A paper is the tip of an iceberg

I was reading Clark and Manning (2016) and studying their code. The contrast is just amazing.

This is what the paper has to say:

architecture

This is what I found after 1 hour of reading a JSON file and writing down all layers of the neural net (the file is data/models/all_pairs/architecture.json, created when you run the experiment):

deep-coref.png
Without the source code, this would be a replication nightmare for sure.

References

Clark, K., & Manning, C. D. (2016). Improving Coreference Resolution by Learning Entity-Level Distributed Representations. Proceedings of the 54th Annual Meeting of the Association for Computational Linguistics, 643–653. http://doi.org/10.18653/v1/P16-1061

Reproducing Chen & Manning (2014)

Neural dependency parsing is attractive for several reasons: first, distributed representation generalizes better, second, fast parsing unlocks new applications, and third, fast training means parsers can be co-trained with other NLP modules and integrated into a bigger system.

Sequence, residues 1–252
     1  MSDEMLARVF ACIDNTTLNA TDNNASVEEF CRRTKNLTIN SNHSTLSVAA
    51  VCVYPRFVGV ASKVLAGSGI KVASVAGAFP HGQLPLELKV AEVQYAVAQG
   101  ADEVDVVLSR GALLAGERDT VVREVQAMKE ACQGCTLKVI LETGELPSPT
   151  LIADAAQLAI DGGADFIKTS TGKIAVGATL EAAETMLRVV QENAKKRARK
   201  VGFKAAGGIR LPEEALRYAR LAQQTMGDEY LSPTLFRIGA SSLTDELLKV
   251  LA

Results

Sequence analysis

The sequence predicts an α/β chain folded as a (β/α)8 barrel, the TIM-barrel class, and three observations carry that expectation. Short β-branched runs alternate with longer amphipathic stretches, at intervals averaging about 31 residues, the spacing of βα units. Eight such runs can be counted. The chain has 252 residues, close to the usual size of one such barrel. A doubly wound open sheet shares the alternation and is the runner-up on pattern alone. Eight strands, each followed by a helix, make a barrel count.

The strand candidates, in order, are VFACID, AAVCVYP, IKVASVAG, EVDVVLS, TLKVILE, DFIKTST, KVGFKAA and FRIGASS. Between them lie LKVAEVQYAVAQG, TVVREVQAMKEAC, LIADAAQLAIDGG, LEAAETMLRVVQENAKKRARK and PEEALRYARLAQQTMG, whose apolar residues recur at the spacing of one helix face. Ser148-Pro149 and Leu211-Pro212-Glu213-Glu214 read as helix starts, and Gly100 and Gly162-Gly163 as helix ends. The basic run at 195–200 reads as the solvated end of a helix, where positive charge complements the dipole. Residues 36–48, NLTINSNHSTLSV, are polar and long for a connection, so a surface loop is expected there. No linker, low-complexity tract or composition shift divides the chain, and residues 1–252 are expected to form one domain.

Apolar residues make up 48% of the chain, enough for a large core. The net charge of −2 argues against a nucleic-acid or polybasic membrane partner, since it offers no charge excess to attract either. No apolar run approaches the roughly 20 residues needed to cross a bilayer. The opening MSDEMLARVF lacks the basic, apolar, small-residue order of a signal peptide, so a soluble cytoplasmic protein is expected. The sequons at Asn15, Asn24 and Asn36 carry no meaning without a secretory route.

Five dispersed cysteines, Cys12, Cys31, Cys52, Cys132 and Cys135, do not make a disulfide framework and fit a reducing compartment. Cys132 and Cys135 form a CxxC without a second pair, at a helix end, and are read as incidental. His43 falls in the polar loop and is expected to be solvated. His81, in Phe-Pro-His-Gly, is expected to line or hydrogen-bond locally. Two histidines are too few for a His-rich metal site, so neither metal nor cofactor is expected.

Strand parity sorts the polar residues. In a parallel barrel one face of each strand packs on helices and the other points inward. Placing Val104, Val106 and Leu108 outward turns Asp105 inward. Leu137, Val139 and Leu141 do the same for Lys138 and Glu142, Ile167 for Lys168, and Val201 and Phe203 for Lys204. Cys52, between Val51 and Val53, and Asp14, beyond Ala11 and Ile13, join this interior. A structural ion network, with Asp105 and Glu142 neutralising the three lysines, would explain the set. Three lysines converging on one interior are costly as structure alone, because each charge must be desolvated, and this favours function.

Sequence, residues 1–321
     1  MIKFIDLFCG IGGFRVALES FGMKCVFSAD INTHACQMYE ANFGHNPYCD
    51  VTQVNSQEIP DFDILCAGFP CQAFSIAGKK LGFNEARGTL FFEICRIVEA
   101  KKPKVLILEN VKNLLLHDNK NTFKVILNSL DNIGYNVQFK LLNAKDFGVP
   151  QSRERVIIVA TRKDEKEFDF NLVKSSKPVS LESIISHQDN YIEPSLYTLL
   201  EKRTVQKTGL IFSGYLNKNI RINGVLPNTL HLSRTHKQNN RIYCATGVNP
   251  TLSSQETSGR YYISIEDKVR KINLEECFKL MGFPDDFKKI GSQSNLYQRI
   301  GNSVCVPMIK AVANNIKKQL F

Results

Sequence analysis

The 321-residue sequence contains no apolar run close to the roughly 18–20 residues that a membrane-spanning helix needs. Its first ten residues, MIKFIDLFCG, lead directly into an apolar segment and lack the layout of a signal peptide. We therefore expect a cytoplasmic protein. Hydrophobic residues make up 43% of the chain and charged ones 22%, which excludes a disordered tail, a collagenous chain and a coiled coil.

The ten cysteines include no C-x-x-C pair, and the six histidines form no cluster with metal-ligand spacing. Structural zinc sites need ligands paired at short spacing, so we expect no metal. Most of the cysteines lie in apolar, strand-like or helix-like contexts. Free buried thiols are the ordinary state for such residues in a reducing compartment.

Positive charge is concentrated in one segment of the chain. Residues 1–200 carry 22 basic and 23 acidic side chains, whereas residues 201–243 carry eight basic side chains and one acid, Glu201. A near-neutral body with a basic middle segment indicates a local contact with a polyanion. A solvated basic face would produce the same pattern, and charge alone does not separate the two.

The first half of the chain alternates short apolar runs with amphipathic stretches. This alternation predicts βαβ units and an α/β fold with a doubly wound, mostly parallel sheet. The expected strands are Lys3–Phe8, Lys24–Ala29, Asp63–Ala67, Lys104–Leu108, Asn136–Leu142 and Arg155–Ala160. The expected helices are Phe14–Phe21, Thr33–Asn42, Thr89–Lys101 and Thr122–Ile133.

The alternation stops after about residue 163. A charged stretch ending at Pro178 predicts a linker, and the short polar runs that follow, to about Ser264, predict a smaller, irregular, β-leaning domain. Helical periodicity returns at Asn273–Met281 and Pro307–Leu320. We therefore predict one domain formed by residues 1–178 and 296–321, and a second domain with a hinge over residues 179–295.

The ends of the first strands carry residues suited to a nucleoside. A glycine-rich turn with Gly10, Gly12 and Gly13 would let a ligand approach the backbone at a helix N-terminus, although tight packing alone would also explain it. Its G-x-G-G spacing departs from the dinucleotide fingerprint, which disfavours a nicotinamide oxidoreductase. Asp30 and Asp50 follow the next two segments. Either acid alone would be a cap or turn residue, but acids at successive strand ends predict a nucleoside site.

Chen & Manning (2014) from Stanford were the first to show that neural dependency parsing works and Google folks were quick to adopt this paradigm to improve the state-of-the-art (e.g. Weiss et al., 2015).

Though Stanford open-sourced their parser as part of CoreNLP, they didn’t release the code of their experiments. As anybody in academia probably knows, reproducing experiments is non-trivial, even extremely difficult at times. Since I have painstakingly gone through the process, I think it’s a good idea to share with you.

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